with great briskness.
"Now for the cake," said Mas'r George, when the activity
of the griddle department had somewhat subsided; and, with that,
the youngster flourished a large knife over the article in question.
"La bless you, Mas'r George!" said Aunt Chloe, with
earnestness, catching his arm, "you wouldn't be for cuttin' it wid
dat ar great heavy knife! Smash all down--spile all de pretty rise
of it. Here, I've got a thin old knife, I keeps sharp a purpose.
Dar now, see! comes apart light as a feather! Now eat away--you
won't get anything to beat dat ar."
"Tom Lincon says," said George, speaking with his mouth full,
"that their Jinny is a better cook than you."
"Dem Lincons an't much count, no way!" said Aunt Chloe,
contemptuously; "I mean, set along side our folks. They 's
'spectable folks enough in a kinder plain way; but, as to gettin'
up anything in style, they don't begin to have a notion on 't.
Set Mas'r Lincon, now, alongside Mas'r Shelby! Good Lor! and Missis
Lincon,--can she kinder sweep it into a room like my missis,--so
kinder splendid, yer know! O, go way! don't tell me nothin' of
dem Lincons!"--and Aunt Chloe tossed her head as one who hoped she
did know something of the world.
"Well, though, I've heard you say," said George, "that
Jinny was a pretty fair cook."
"So I did," said Aunt Chloe,--"I may say dat. Good, plain,
common cookin', Jinny'll do;--make a good pone o' bread,--bile
her taters far,--her corn cakes isn't extra, not extra now,
Jinny's corn cakes isn't, but then they's far,--but, Lor, come
to de higher branches, and what can she do? Why, she makes
pies--sartin she does; but what kinder crust? Can she make
your real flecky paste, as melts in your mouth, and lies all up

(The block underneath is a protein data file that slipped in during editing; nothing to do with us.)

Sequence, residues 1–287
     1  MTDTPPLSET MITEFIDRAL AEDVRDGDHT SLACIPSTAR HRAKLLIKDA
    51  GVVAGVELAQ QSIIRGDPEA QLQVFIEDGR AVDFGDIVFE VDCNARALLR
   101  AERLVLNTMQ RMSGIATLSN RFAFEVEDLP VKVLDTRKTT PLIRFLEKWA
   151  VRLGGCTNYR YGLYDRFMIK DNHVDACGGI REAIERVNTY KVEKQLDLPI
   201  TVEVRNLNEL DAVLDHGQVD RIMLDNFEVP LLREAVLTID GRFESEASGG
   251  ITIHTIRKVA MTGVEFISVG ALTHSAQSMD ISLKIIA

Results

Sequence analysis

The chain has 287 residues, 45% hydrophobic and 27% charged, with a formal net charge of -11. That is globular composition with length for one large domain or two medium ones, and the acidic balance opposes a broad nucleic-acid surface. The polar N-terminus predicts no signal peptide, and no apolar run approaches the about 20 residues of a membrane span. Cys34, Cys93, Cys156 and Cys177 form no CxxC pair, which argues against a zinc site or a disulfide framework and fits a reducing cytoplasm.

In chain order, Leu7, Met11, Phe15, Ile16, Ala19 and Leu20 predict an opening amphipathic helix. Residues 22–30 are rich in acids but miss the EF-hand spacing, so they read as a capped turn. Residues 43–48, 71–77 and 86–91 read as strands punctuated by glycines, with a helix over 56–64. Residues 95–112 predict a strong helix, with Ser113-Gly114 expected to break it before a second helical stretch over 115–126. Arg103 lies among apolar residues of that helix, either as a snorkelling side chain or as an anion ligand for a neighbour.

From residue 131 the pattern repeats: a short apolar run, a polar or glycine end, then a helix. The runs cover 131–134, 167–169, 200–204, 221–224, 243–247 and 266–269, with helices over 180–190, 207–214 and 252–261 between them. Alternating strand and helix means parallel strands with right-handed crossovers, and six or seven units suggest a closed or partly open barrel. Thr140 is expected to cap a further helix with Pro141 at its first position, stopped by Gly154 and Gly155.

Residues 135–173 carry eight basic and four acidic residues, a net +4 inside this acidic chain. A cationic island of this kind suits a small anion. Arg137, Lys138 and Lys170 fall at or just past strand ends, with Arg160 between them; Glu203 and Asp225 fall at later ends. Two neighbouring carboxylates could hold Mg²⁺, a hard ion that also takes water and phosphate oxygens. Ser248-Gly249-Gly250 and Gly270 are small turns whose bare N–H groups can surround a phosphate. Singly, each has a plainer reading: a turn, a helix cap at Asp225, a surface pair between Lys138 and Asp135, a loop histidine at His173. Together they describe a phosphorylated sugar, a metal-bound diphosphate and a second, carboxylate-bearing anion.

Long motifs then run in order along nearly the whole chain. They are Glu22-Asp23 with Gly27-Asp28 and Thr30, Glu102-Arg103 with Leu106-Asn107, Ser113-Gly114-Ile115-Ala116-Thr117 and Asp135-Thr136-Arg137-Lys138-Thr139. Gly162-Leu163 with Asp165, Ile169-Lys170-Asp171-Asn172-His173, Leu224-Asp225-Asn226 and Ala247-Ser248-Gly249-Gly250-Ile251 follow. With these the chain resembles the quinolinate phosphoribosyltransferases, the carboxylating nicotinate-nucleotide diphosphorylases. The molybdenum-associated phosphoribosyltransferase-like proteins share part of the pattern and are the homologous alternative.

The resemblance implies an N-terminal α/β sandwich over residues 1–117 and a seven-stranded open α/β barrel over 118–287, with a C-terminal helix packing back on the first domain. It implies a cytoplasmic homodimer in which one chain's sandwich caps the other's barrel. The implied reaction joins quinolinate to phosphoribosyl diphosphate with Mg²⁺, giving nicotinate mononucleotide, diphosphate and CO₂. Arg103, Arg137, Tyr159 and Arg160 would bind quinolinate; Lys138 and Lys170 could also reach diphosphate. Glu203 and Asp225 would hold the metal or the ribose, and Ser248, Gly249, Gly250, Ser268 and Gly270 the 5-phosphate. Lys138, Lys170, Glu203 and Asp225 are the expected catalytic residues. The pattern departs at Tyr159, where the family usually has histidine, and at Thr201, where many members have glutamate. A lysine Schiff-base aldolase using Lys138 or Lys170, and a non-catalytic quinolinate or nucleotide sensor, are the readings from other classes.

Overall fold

like a puff? Now, I went over thar when Miss Mary was gwine to be
married, and Jinny she jest showed me de weddin' pies. Jinny and
I is good friends, ye know. I never said nothin'; but go 'long,
Mas'r George! Why, I shouldn't sleep a wink for a week, if I had
a batch of pies like dem ar. Why, dey wan't no 'count 't all."
"I suppose Jinny thought they were ever so nice," said George.
"Thought so!--didn't she? Thar she was, showing em, as
innocent--ye see, it's jest here, Jinny don't know. Lor, the
family an't nothing! She can't be spected to know! 'Ta'nt no fault
o' hem. Ah, Mas'r George, you doesn't know half 'your privileges
in yer family and bringin' up!" Here Aunt Chloe sighed, and rolled
up her eyes with emotion.
"I'm sure, Aunt Chloe, I understand I my pie and pudding
privileges," said George. "Ask Tom Lincon if I don't crow over
him, every time I meet him."
Aunt Chloe sat back in her chair, and indulged in a hearty
guffaw of laughter, at this witticism of young Mas'r's, laughing
till the tears rolled down her black, shining cheeks, and varying
the exercise with playfully slapping and poking Mas'r Georgey, and
telling him to go way, and that he was a case--that he was fit to
kill her, and that he sartin would kill her, one of these days;
and, between each of these sanguinary predictions, going off into
a laugh, each longer and stronger than the other, till George really
began to think that he was a very dangerously witty fellow, and
that it became him to be careful how he talked "as funny as he could."
"And so ye telled Tom, did ye? O, Lor! what young uns will be up ter!
Ye crowed over Tom? O, Lor! Mas'r George, if ye wouldn't make a
"Yes," said George, "I says to him, 'Tom, you ought to see
some of Aunt Chloe's pies; they're the right sort,' says I."
"Pity, now, Tom couldn't," said Aunt Chloe, on whose
benevolent heart the idea of Tom's benighted condition seemed to
make a strong impression. "Ye oughter just ask him here to dinner,
some o' these times, Mas'r George," she added; "it would look quite